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Huge survey to assess housing problems in ‘crunch county’

Thousands of people will be invited to take part in new research to help provide information on why one particularly badly hit county is facing unprecedented pressure on housing.

Residents of Cornwall are being asked to complete a survey about their experiences of buying and living in their new property, including where they have moved from and why they have chosen to buy a new home.

Researchers from The Institute of Cornish Studies at the University of Exeter are leading the research, which will be shared with Cornwall Council, to understand how these factors contribute to housing pressures.


The project is funded by the UK government’s Shared Prosperity Fund as part of a suite of initiatives to accelerate research, development, and innovation, with additional support from Cornwall Council. The research will inform housing policy in Cornwall in the future and provide important data to help inform the council’s next Local Plan.

The 15-minute survey will also ask people about their views on local environmental issues, such as green space, air quality, access to locally produced foods, and travel and transport. All answers will be kept confidential, and people’s identities will remain anonymous.

Professor Malcolm Williams, who is leading the research, says: “The answers will help us understand the housing and associated characteristics of people who have moved into newly built housing. For example, are their characteristics the same or different to households in older housing? How was affordability achieved? How far are they into their housing careers? What proportion of residents are first time buyers, either in ‘affordable’ properties, or those sold on the open market?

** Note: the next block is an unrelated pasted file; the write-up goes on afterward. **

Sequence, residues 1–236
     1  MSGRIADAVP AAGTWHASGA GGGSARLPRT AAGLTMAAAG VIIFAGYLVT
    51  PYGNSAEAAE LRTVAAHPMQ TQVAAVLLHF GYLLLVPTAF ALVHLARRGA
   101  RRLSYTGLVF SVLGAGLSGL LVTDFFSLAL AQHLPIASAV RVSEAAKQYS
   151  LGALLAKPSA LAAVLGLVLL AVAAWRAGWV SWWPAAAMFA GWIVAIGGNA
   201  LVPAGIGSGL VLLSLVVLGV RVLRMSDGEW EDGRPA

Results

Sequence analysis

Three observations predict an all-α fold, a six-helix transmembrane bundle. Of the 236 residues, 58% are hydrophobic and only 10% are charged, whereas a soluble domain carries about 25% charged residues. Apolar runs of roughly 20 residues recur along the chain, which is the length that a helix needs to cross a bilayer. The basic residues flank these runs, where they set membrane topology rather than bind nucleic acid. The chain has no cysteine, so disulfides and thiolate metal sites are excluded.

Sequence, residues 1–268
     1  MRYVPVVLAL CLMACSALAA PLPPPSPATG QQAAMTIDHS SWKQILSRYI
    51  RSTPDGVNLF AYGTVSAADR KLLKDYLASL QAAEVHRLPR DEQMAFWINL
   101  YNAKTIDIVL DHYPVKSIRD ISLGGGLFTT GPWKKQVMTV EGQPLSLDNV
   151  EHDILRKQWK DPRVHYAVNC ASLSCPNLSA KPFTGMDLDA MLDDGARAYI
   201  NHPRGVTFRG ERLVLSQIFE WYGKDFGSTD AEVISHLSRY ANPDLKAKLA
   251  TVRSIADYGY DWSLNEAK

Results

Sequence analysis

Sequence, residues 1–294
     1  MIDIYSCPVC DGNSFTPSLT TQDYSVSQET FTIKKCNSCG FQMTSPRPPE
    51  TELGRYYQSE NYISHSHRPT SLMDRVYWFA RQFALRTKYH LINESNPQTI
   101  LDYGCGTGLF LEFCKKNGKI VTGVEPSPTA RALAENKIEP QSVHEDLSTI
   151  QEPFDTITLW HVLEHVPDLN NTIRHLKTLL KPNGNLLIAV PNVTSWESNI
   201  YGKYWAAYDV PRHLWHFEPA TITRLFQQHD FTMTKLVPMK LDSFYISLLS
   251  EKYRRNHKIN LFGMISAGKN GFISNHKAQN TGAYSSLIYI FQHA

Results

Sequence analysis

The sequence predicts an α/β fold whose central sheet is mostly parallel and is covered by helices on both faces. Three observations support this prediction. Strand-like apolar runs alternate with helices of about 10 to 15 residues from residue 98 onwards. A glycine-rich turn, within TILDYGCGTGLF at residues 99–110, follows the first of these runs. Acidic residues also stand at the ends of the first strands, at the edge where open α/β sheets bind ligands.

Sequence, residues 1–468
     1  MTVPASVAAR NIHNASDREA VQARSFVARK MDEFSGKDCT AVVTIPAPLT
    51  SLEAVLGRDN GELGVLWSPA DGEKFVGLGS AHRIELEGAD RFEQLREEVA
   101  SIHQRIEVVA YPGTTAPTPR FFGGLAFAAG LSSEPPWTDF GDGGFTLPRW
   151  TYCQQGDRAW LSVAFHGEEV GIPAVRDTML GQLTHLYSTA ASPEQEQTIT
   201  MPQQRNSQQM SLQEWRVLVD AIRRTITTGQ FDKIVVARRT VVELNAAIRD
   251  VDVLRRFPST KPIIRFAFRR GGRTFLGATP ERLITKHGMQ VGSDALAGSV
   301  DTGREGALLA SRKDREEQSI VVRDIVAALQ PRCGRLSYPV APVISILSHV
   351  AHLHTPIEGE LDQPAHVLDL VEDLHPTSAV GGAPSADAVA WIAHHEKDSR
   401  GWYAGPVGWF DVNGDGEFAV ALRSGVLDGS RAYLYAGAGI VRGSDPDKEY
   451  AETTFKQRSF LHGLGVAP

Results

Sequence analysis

“Houses are being built in Cornwall at comparable rates to elsewhere, but it doesn’t seem to be helping the crisis of affordability and availability we see in the Duchy. We hope the answers to the survey will help show if building more housing will help, and if so what type of housing.”

Around 5,000 householders in Cornwall who live in postcodes where there has been a high proportion of new building, will be surveyed. There will also be a control group of people living in homes built more than 10 years ago.

Only those invited to complete the survey can take part, with respondents able to take part in a prize draw sponsored by several Cornish businesses.

The research partially replicates a study undertaken by Cornwall County Council, in the 1980s and researchers will compare the results.

“Finding out more about those who are living in new homes and how they achieved their goal will help us to compare between the historic and current contexts and examine how that data might help in planning for the future.”

A spokesperson for Cornwall Council adds: “We all know that Cornwall continues to experience extreme and unprecedented pressures on housing, which is largely due to an imbalance in housing supply and demand.    

‌“Nationally, there has been a significant reduction in the availability of homes and a matched escalation in housing costs exacerbated by the cost-of-living crisis. High house prices and a shortage of accommodation are causing severe issues in Cornwall. The popularity of Cornwall as a major tourist destination, site of second homes and a popular area for relocation from other parts of Britain where house prices have in the past been considerably higher, have made it harder for those on lower incomes to buy in the Duchy. These factors have influenced the housing market and put pressure on families and communities to find affordable housing.”


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